Which work in the Van Gogh Repetitions exhibition did the artist complete in less than an hour? Which did he paint on a piece of patterned clothing material? Chief Curator Eliza Rathbone has the answers. Follow her through a brief introduction to the exhibition in this video.
(Left) Eugène Delacroix, The Last Words of Marcus Aurelius, undated. 25.6 x 31.7 in. The Van Asch van Wyck Trust (Right) Eugène Delacroix, Hercules and Alcestis, 1862. Oil on cardboard, 12 3/4 x 19 1/4 in. Acquired 1940. The Phillips Collection, Washington, DC
I recently stumbled on this article by Christopher Knight in The Los Angeles Times that reports on the possible discovery of a new work by Eugène Delacroix. The article states that a curator at the Santa Barbara Museum of Art believes The Last Words of Marcus Aurelius (above left) to be a previously unidentified painting by the artist. It’s currently included in an exhibition displayed next to similar works by the artist, as well as a known copy, to demonstrate the argument.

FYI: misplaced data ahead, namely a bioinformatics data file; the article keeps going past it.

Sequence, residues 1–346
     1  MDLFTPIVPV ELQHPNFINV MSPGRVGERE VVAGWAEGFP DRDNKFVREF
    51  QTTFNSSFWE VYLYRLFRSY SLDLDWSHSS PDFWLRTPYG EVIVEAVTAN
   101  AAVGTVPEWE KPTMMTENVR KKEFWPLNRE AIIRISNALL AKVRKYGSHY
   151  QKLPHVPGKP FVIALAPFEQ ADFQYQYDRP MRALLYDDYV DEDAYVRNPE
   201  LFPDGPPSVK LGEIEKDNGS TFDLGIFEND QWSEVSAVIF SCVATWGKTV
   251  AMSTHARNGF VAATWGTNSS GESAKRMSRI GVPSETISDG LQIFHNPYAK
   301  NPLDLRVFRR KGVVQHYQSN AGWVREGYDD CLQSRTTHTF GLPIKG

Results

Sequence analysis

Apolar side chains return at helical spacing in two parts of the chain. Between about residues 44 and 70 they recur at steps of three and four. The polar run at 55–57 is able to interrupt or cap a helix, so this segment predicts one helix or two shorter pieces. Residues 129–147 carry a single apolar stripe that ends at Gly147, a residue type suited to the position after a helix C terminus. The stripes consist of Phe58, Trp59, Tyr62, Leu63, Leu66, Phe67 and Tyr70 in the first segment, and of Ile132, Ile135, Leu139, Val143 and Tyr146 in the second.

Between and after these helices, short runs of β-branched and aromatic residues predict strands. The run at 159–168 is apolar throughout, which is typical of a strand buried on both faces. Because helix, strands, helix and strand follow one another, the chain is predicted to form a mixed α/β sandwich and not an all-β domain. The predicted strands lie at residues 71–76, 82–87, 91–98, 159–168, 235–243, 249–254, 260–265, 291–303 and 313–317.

Compare it above with Delacroix’s Hercules and Alcestis from The Phillips Collection. What do you think?
Last month, a bear of an installation took over the corner of 21st and Q Streets in anticipation of Xavier Veilhan’s upcoming Intersections contemporary art project. Now the rest of Veilhan’s exhibition (IN)balance is installed in our galleries, and the artist takes a moment to discuss his diverse work—”using the floor, the walls, and the ceiling”—in this video.